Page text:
What’s New About How Plants Work? – Some “Tasty Tidbits” from 2012 (Fourth Course)

Fernan 560x315Back to April 2012….

Among the plant-related news items published in April 2012 were stories ranging from the proposed “next generation” of genetically-engineered (a.k.a., GMO) crops to the control of plant flowering to plant defensive mechanisms to new techniques for studying plants at the cellular level.

  • In response to growing numbers of so-called super weeds, resistant to the herbicide Roundup®, some chemical companies are now developing GMO crops resistant to the old herbicide 2,4-D, which some consider a really bad idea.
    Dow’s new GMO “Agent Orange corn”, nearing approval, runs into opposition.
  • What triggers the transition from a vegetative state to a flowering state in angiosperms has been one of the most active and fascinating fields of research in biology. Recently, the identity of the so-called “flowering hormone” Florigen was discovered, and, since then, new pieces of the puzzle have been added.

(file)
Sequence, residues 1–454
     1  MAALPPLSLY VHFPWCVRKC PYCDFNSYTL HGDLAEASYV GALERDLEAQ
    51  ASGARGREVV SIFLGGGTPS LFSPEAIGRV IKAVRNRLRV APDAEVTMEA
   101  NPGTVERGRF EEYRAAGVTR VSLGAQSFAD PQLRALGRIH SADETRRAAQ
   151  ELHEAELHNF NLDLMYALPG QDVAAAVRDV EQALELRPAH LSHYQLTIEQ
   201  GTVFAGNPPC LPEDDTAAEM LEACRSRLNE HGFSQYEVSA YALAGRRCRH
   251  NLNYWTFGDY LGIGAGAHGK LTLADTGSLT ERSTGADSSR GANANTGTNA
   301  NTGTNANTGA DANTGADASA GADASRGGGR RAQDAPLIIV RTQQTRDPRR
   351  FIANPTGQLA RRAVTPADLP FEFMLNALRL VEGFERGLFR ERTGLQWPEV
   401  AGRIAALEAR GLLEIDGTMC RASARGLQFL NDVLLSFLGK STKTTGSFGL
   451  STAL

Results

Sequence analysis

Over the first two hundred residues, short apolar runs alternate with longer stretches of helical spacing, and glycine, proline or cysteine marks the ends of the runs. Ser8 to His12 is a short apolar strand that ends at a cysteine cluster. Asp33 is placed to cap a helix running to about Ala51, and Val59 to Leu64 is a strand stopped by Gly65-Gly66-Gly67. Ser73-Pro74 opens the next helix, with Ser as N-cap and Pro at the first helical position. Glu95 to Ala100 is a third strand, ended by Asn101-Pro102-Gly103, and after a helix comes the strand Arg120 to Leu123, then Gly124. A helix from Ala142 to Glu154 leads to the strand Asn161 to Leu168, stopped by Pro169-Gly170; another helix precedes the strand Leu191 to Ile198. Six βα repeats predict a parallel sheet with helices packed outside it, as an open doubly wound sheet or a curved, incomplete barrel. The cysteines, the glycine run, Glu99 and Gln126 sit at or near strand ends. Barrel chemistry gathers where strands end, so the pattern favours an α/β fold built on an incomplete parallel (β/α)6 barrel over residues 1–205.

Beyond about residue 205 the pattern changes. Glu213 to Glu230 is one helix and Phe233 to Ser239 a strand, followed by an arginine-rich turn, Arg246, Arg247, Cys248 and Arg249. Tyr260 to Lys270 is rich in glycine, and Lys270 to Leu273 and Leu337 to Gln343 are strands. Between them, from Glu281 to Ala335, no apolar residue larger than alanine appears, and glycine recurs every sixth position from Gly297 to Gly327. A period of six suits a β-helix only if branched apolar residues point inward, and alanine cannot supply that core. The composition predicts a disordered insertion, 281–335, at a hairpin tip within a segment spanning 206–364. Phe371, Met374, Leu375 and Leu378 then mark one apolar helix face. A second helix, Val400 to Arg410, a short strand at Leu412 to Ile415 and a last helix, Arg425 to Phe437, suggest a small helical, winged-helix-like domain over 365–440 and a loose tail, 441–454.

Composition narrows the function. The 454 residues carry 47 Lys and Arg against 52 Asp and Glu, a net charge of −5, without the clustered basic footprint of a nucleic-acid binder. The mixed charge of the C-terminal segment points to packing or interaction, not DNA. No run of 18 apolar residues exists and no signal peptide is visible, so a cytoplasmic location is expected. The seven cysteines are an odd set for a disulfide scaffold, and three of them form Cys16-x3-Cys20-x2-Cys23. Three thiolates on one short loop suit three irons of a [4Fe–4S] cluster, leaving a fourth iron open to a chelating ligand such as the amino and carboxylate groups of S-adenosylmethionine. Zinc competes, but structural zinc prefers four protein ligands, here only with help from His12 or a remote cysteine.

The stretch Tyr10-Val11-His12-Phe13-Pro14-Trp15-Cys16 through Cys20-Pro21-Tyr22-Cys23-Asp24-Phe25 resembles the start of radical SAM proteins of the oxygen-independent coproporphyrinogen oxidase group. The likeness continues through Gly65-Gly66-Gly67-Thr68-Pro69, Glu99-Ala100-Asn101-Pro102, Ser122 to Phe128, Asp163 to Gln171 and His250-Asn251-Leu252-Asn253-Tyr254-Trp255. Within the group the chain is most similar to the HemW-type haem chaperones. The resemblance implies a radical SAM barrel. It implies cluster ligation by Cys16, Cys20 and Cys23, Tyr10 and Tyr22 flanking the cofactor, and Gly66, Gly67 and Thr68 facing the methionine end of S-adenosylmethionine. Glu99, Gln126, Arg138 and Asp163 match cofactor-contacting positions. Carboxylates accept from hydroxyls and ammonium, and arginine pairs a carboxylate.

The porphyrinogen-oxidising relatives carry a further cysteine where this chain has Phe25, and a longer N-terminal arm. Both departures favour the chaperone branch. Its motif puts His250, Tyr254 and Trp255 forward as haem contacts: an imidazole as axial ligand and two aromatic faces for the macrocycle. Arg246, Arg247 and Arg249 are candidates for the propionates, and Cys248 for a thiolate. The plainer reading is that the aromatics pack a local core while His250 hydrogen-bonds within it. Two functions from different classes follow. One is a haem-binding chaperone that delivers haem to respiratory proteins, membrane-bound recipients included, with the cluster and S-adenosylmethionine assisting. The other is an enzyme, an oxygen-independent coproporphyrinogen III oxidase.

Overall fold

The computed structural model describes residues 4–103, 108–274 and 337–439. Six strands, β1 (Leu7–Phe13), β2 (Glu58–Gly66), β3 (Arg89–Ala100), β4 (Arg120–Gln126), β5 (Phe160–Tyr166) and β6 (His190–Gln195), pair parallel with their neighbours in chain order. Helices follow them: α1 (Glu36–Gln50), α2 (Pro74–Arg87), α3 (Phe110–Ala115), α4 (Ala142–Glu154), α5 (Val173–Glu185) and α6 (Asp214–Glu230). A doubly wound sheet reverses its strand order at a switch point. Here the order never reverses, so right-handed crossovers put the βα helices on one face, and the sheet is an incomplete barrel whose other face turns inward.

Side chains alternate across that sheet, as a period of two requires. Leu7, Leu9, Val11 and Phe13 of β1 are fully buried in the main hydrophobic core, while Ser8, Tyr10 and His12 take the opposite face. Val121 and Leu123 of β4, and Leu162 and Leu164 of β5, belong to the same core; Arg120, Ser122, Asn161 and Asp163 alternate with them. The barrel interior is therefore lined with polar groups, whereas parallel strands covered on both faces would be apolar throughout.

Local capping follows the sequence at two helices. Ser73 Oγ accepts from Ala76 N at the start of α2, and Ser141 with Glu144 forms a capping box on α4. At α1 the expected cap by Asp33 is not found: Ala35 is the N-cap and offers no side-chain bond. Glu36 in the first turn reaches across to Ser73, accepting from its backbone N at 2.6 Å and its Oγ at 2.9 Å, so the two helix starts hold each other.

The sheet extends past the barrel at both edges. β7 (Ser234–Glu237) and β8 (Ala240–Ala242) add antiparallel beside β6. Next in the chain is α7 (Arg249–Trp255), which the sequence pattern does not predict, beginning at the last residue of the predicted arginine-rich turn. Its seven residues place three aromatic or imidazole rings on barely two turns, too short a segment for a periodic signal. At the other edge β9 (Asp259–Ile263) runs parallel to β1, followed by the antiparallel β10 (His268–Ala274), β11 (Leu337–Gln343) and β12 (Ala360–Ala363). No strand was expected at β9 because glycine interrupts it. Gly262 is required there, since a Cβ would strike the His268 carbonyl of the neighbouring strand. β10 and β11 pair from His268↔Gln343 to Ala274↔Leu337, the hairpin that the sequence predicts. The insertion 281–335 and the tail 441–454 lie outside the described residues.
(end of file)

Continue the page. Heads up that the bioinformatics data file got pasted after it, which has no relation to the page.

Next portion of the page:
A blossoming field of research: how Florigen is transported to create flowers.
  • In April 2012, a new study by Rice University scientists revealed that plants can use mechanical stimulation to fight off fungal infections and insects.
    A bit touchy: Plants’ insect defenses activated by touch.
  • As a backyard gardener, I found the following news item especially interesting.
    Not just for fruit trees – grafting vegetables to fight fungal diseases.
  • And for today’s “dessert”, shining a bit of light on plant cell biology (see image above left)
    Lighting up plant cells to engineer biology.

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